The library opens at 8 a.m. As usual, I overestimated my commute and arrived almost 15 minutes early. This became an everyday occurrence for not just me but for another library inhabitant like myself, That one guy. As I approached the library’s closed double-doors, I saw that one guy waiting. He had an old book in his hands as he always does. By the look of the weathered cover, I couldn’t tell if this book was subject to over-use or just abuse. That one guy has been inhabiting this library for at least 6 years. I would know; I’ve been attending this school for 6 years — 4 years of undergraduate and 2 years into this thing called medical school. Our adherence to routines and comfort in what’s predictable has brought us together, in passing, for years now.
He had a weird face. He was old. His thoracic spine took the shape of the parabolas that I familiarized myself with in the years before medical school. His stride was small. He walked slow. I couldn’t tell if he was in pain or just looked mean. Maybe I was just being weird. Everyone gets old. Before this day, six years into my library co-habitation with that one guy, I have never spoken a word to him, just passing smiles. I decided I would use these 15 minutes to do just that.
Me: “Ah, it doesn’t open ‘til 8 [a.m.] huh?”
TOG: “Nope, not ‘til 8 [a.m.].”
Me: “I see you here often. Do you work here?”
TOG: “No, I study Quantum Physics. I come here to conduct research and publish my work with a group I work with based in San Francisco.”
Me: “Oh, that’s nice. Quantum Physics is a bit out of my league. I try to stay in my lane; I settled on Medicine.”
TOG: “Is that why you’re here even though it’s spring break? The undergraduates are all gone. The whole campus seems empty.”
Me: “Yeah, we don’t really get a break. So, for me, it’s the same as any other day – bright and early at the library.”
Me: “So, quantum physics huh?”
TOG: “Yes, I’ve been studying since I graduated here in ’72.”
Me: “Oh, you were a student here? What did you study then?”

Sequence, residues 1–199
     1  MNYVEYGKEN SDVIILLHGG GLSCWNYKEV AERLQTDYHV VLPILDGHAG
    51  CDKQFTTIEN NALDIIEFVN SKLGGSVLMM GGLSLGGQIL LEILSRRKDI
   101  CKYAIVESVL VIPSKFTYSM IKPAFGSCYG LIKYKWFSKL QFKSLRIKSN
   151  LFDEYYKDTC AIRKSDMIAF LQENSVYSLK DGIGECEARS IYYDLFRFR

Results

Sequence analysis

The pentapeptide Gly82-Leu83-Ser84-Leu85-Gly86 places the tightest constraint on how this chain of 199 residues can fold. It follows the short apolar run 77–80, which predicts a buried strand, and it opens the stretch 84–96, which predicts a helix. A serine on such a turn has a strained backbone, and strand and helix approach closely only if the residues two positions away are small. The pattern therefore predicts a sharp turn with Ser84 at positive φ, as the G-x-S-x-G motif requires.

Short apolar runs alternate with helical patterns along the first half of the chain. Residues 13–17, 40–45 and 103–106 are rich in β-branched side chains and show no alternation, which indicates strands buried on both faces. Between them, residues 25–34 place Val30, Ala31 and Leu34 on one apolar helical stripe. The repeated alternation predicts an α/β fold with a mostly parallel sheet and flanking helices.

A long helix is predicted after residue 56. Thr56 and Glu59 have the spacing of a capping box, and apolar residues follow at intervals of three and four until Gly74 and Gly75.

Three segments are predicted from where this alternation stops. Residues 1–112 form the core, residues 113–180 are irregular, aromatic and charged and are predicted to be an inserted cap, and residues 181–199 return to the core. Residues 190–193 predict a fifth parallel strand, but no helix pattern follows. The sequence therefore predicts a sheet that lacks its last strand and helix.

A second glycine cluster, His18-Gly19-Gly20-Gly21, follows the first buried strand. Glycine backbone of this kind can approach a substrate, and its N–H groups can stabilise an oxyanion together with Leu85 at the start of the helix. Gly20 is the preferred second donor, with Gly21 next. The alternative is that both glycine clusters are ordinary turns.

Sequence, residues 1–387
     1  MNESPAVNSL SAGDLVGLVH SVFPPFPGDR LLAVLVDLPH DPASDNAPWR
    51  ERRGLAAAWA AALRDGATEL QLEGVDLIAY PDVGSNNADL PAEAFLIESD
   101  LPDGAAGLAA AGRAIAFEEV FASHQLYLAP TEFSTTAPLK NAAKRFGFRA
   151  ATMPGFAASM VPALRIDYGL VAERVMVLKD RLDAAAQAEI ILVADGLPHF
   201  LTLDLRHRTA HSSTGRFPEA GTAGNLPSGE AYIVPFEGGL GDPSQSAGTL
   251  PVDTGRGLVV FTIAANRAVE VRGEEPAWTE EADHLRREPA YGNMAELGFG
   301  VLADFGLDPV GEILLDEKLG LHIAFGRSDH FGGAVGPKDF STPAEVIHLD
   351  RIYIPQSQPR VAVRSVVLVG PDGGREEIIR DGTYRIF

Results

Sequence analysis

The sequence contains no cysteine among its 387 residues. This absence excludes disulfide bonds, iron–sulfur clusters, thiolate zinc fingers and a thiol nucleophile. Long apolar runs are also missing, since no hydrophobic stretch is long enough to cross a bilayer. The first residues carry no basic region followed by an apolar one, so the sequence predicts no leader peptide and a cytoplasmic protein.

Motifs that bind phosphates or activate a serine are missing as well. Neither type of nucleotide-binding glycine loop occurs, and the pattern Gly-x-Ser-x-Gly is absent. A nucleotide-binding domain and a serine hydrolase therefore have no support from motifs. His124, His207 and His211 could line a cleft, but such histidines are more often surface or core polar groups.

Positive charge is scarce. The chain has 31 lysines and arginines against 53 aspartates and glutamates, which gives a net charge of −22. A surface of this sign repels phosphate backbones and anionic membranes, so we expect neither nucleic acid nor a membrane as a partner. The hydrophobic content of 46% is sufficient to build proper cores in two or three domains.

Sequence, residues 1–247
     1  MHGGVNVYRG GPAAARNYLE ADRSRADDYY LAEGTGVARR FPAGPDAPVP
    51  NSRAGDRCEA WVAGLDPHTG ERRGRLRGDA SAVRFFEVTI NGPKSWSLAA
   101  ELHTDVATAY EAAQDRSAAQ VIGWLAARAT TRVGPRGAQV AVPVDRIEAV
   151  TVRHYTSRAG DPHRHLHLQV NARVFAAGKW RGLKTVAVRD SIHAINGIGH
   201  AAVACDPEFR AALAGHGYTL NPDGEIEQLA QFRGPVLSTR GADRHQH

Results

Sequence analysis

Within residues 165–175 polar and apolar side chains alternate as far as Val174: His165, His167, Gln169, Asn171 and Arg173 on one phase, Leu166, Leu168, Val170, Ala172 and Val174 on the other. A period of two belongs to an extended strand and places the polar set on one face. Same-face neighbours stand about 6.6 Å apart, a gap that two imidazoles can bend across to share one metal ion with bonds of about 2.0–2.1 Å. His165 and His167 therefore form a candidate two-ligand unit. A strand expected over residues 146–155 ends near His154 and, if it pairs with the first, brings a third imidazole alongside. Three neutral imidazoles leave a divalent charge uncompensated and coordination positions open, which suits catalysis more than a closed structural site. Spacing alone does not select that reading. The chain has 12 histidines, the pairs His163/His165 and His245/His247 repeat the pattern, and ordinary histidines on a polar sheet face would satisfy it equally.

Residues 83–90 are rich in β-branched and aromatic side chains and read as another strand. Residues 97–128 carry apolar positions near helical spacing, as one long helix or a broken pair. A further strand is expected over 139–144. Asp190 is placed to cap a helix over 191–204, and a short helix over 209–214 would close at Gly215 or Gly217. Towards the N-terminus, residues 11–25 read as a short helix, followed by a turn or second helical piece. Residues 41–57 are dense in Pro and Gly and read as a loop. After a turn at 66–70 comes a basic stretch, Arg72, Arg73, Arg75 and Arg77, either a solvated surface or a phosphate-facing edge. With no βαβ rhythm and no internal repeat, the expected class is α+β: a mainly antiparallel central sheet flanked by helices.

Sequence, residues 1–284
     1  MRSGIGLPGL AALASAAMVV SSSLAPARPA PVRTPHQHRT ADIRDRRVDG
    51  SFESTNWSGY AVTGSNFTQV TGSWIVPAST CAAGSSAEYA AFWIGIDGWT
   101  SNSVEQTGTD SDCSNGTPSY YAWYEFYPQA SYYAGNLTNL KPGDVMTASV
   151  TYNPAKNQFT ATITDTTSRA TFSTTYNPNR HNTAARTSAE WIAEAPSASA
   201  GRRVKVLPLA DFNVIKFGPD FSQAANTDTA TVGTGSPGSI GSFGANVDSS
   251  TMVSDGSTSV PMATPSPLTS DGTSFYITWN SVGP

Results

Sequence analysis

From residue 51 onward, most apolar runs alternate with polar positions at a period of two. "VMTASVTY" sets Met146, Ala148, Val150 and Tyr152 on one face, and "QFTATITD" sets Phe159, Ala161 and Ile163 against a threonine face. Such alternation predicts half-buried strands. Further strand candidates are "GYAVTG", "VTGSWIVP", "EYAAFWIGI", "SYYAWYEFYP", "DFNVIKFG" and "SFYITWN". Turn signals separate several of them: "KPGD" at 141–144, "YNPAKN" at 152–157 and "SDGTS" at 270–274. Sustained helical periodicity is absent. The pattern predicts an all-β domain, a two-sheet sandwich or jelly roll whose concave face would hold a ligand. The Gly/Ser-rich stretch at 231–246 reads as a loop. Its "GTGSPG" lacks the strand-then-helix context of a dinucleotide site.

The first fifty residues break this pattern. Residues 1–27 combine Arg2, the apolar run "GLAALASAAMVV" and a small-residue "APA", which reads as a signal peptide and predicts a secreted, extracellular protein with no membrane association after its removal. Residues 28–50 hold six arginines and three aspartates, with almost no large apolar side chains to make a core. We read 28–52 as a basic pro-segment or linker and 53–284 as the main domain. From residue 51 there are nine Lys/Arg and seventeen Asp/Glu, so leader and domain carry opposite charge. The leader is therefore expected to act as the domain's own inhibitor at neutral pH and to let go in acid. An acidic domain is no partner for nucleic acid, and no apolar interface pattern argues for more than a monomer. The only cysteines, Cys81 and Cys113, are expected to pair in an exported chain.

TOG: “Psychology. It goes hand in hand with quantum physics. You can’t understand quantum physics without consciousness.”
Me: “And there is no consciousness without physics.” I was trying to be friendly…
… TOG: “That’s right. It’s all about asking the right questions. The answers are right in front of you. You just need a search bar to type your question into. It’s all in the internet. At least it will be before the government shuts it down. It’s part of their deal with the aliens. They don’t want you to know what we’ve known since the aliens first arrived in 1946. Most people know about it; they just liked the world better before they knew. So, they pretend they don’t. What’s wild is that the aliens have an IQ of about 400-420, so I’m sure they meant for things to be this way. They can read your mind after all. The government should have never sent out that signal in 1945. That’s when the three extraterrestrial representatives arrived representing each of their space colonies. The government knew the aliens would take this precious planet so they attempted to build an alliance with them. They reached a deal – if we provided 100,000 humans for physical examination each year, the aliens, in return, wouldn’t take over this planet. Soon, we will run out of people to offer them. And soon, the internet will be shut down once the government feels people are noticing how many people have gone missing…”
Our conversation filled the next 15 minutes. I learned so much about not only TOG, but also myself. You’d be surprised at what you don’t know. He told me his name is Mr. Brown. I told him my name as well. Across my first two years of medical school I felt myself trying out my new skills of “developing a differential diagnosis” like a bird trying its wings for the first time. Each time I learned something new in class, I subsequently added to my differential diagnosis for TOG (Mr. Brown) and his strange, humble appearance. First, it was degenerative arthritis. Next block it was ankylosing spondylitis. A few blocks later it was Parkinson’s. But now, as he shuffled into the now-open double doors of the library, I added schizophrenia spectrum disorder. His Parkinsonian, or extrapyramidal, symptoms may simply be a result of 1st generation antipsychotic use. It took six years of examination, two years of research, and one conversation to come to this conclusion. It was a humbling moment.
I wouldn’t dare ask Mr. Brown about his medical record. In fact, I’ve given him a pseudonym and left out a few identifying pieces of information to protect his identity, and our trust. As I held the double doors open for what could be my newest friend — I couldn’t help but be reminded of the fact that everybody is somebody’s patient and you really don’t know until you know.